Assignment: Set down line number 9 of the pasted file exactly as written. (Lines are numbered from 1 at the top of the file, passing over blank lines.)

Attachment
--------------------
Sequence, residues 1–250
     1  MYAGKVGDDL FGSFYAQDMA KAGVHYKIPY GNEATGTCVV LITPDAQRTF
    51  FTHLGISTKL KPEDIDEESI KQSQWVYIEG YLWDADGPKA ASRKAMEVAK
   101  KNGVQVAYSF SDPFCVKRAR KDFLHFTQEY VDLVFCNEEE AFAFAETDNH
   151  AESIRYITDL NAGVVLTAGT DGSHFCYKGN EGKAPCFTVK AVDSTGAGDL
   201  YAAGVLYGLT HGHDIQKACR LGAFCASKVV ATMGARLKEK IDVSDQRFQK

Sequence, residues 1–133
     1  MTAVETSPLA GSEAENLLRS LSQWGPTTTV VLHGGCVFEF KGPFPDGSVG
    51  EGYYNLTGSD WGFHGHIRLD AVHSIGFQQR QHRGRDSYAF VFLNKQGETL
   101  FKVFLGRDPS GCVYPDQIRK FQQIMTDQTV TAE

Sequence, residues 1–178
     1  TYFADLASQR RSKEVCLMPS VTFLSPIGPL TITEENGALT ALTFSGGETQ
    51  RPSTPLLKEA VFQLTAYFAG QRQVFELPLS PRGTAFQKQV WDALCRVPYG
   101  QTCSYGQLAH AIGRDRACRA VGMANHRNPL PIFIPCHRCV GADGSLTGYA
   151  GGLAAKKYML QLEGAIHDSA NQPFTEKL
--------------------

    51  EGYYNLTGSD WGFHGHIRLD AVHSIGFQQR QHRGRDSYAF VFLNKQGETL